Schools face disruption as NUT teachers strike

Jul 10, 2014 by

Thousands of pupils in England and Wales are missing lessons on Thursday as members of the National Union of Teachers (NUT) walk out on strike.


The strike is over changes to teachers’ pay, pensions and conditions.


It is being held alongside action by five other public sector unions. Other teachers’ unions are not taking part in the strike.


The Department for Education said there was no justification for the strike as talks with ministers were continuing.


Schools are closed across England and Wales, and many are partially open as head teachers make every effort to lessen the disruption to their pupils’ education.


But many parents have been left looking for emergency childcare or having to take the day off work.



In London about 600 schools are known to be affected, with 32 closed in Camden and 83 partly closed or completely shut in Barnet.

More than 100 schools are closed or partially closed in East Yorkshire and Northern Lincolnshire, while in Bradford 105 are affected. Some 146 schools in the Leeds area alone are shut or partially shut.


In Manchester, about two thirds are closed and most in Liverpool are shut. But in Cheshire and Lancashire, the majority are open


In Brighton and Hove, 15 secondary and special schools are shut along with more than 50 primaries.


Some 79 schools are affected in Norfolk, and 30 in Luton.


At least 100 schools are closed in Essex, while in Cambridgeshire 27 are closed and 31 are partially closed.


In Gloucestershire, 58 schools are affected, while in Somerset 15 schools are closed with a further 13 partially open.


But many local authorities are not able to provide figures on closures as many council staff themselves are on strike.


The NUT walkout follows a national strike on 26 March. There were also regional strikes by the NUT and another teachers’ union, the NASUWT, in 2013.

‘Deep regret’

Protest rallies and marches are also taking place across England and Wales on Thursday.


General secretary Christine Blower said teachers “deeply regretted” having to take strike action.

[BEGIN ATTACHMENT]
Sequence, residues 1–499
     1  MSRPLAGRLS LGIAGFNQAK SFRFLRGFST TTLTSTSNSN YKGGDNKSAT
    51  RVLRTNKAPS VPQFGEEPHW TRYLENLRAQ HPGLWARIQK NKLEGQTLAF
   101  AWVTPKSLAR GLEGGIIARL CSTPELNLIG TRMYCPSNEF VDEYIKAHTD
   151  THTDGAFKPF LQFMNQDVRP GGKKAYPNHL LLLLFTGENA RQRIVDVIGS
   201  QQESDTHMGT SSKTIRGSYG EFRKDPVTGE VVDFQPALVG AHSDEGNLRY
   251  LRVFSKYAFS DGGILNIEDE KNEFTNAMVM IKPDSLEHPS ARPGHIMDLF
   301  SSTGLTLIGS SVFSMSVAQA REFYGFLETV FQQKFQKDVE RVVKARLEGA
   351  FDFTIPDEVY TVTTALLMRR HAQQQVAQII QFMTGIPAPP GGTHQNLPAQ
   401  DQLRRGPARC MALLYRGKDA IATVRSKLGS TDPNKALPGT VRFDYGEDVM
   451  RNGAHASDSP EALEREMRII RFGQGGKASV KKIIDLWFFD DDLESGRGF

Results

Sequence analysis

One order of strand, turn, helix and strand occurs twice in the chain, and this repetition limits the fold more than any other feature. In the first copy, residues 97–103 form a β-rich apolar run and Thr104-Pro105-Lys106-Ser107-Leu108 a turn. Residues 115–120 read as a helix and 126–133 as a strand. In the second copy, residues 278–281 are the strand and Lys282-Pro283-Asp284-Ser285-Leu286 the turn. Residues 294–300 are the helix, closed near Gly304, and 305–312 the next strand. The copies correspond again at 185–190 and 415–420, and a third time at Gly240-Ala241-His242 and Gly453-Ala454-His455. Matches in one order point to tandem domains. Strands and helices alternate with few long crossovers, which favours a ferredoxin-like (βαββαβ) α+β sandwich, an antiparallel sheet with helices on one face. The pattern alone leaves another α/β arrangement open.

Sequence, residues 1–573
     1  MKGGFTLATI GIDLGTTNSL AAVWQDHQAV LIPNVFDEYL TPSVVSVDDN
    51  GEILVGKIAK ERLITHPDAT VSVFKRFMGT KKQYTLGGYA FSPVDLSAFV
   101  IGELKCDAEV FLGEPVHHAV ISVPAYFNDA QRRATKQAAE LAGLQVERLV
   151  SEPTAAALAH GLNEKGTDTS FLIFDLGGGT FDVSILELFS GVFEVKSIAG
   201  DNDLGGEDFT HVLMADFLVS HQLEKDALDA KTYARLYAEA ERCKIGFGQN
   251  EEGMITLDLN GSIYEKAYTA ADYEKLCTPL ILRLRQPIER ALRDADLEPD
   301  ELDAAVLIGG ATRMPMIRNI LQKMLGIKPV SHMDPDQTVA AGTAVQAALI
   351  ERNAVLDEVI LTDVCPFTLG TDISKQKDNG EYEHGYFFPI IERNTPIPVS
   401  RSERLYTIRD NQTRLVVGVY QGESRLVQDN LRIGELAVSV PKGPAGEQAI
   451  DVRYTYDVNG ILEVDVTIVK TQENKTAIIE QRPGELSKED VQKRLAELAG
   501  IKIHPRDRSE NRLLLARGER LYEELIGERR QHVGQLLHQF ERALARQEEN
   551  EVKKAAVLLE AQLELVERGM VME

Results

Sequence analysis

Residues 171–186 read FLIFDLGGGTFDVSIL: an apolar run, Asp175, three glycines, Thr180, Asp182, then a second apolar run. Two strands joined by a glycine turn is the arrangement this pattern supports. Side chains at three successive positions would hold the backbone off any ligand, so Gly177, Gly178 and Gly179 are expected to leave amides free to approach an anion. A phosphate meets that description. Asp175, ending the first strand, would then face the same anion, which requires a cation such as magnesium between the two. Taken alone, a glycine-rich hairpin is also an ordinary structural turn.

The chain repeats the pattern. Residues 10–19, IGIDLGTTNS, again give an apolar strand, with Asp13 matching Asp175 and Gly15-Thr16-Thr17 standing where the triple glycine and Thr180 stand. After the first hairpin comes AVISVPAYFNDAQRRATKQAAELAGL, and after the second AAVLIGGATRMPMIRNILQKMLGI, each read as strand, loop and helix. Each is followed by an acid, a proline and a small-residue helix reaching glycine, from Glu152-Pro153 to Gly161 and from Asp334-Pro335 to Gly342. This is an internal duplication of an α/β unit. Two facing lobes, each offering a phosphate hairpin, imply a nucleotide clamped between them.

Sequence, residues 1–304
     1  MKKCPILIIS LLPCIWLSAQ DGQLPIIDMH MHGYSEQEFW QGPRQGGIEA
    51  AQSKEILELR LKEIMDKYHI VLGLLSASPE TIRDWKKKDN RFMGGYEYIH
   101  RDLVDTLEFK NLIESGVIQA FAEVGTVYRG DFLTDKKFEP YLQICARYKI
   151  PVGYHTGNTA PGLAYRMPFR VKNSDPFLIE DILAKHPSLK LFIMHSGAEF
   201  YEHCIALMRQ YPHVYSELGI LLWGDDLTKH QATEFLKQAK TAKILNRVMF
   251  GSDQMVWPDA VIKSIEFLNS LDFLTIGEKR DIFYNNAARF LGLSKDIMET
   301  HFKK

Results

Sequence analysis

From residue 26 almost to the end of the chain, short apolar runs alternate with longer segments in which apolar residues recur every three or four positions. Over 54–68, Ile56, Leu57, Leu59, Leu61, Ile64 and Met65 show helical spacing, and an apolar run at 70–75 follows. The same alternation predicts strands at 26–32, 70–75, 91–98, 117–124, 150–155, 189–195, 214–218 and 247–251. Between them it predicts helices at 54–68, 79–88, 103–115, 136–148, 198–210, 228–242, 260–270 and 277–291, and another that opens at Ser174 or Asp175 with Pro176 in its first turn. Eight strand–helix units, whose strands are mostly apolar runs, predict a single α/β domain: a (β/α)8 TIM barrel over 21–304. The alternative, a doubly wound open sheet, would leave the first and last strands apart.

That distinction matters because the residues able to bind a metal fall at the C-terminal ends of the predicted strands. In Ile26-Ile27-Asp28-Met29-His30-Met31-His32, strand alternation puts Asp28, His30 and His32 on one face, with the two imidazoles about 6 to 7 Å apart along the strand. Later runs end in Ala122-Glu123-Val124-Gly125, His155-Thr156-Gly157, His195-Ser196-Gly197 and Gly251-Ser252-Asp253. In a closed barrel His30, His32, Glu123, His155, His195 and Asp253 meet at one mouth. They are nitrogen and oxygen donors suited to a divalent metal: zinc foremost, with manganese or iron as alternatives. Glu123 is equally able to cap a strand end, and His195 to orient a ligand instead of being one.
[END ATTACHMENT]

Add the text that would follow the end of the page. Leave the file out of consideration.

“We are aware that this causes problems and disruption for parents and carers. However, despite months in talks with government officials, the real issues of our dispute over pay, pensions and conditions of service have not been addressed,” she said.


“Performance-related pay is not suitable for schools, which work in a collaborative fashion.


“While no teacher expects to work nine to five, many are working 60 hours a week and this is just not sustainable.


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“Expecting teachers to work until 68 for a pension will not only dismay teachers but also parents and pupils. Teaching… does require energy and fitness to cope with classrooms of 30 young children or teenagers.”


Ms Blower said the Education Secretary, Michael Gove, could avoid further disruption by “engaging in serious negotiations and making changes to policy”.

“Thousands of good, experienced teachers are leaving or considering leaving their job. Ofsted itself says that two in five teachers are leaving the profession in their first five years.”


This was a direct result of the government’s policies, she claimed.

‘No justification’

The DfE said the industrial action damaged the reputation of the profession, adding there was no “justification for further strikes”.


A spokesman said: “The unions asked for talks, we agreed to their request and talks are ongoing. Ministers have also met frequently with the unions and will continue to do so.


Teacher are angry at changes to pension, pay and conditions


“Further strike action will only disrupt parents’ lives, hold back children’s education and damage the reputation of the profession.”


“That is why we are giving teachers more freedoms than ever and cutting unnecessary paperwork and bureaucracy.”


The NUT has a membership in England and Wales of 330,700 and of these, 218,000 members are eligible to take strike action as they are active members of the teachers’ pension scheme.


Thursday’s strike action is covered by two ballots, the NUT said – one launched in May 2011 and the other in June 2012.


Turnout for the first ballot was 40%, with 92% of these members voting in favour of strikes; in the second, turnout was 27%, with 82.5% voting for strike action.

by Education News
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